A lot of people have been talking about Charli Carpenter’s entertaining exposition on Game of Thrones and IR theory, and with other efforts out there such as Dan Drezner’s opus on zombies and international relations, academics love to apply IR theory to all sorts of fantasy situations. It got me thinking though that you rarely see similar attempts to apply the basic concepts of comparative politics to popular culture. True, IR theory is a lot more parsimonious and less wide-ranging (or perhaps less rambling would be a more accurate description), but CP deals with the fundamental core of how politics are organized and how outcomes are affected by institutions, and Game of Throne is a perfect vehicle for looking at this aspect of political science as well. After all, comparative politics seeks to explain everything about the state, which is the central actor in politics, and while Game of Thrones is in some ways about the struggle between different entities (Starks vs. Lannisters, the North vs. the South), in other ways it is about basic state formation. What can the world of Westeros tell us about where states comes from, how they are sustained, and whether state-building is a natural activity?
There are two competing theories about how states are formed, which we can dub bottom up and top down. The bottom up theory is a nationalist model which says that before you have a state you must have a group of people with a common national or ethnic identity. This identity naturally develops when different small groups of people realize that they have shared common threads that together coalesce to make them a sum much larger than its parts. These shared characteristics might be language, history, culture, or religion, all of which point to the conclusion that these disparate groups of people are not unique or alone in the world. This in turn leads to group consciousness where these people who share these common attributes realize that they are part of a larger group, in effect expanding what they see as the lowest common denominator linking themselves to other people. Whereas before they may have viewed themselves primarily as members of a village, now they imagine a larger political community to which they belong. Leaders of the group then encourage its members to form its own polity (or revolt against the current rulers who do not come from the group), a struggle for independence ensues, and eventually a state is born.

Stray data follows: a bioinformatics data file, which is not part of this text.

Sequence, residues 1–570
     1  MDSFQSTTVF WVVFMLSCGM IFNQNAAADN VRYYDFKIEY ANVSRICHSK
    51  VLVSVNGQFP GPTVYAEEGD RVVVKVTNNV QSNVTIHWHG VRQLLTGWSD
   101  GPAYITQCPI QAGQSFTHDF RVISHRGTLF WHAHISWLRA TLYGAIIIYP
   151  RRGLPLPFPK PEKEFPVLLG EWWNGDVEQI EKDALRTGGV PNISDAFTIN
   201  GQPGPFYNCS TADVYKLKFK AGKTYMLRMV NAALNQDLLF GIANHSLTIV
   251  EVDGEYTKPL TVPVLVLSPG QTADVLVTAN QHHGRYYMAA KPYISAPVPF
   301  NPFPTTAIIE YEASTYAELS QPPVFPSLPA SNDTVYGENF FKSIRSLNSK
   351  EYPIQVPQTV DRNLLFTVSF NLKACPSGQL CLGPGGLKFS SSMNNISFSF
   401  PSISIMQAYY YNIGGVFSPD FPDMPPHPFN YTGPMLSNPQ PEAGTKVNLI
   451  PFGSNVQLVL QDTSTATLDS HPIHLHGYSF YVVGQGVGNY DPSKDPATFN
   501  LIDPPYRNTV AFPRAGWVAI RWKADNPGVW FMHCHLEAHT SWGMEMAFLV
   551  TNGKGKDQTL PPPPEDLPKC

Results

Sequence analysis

In contrast, the top down theory does not begin with an assumption of nationalism. Rather than being initiated by some form of group consciousness and a desire of that group to have its own state, in this model – popularized by Charles Tilly in his work on European state creation – states come into being as a result of external threats, which create an incentive for an ambitious actor to become a protector. In order to counter the threat, the protector has to raise an army, which requires extracting resources through measures such as conscription and taxation. In order to do this effectively, the protectors needs to create what we think of as the modern bureaucratic state – a tax office, a defense ministry, etc. Once this machinery is in place, the protector then uses it to neutralize internal rivals and protect his position of power, and thus you get a cycle in which war makes the state and the state makes war.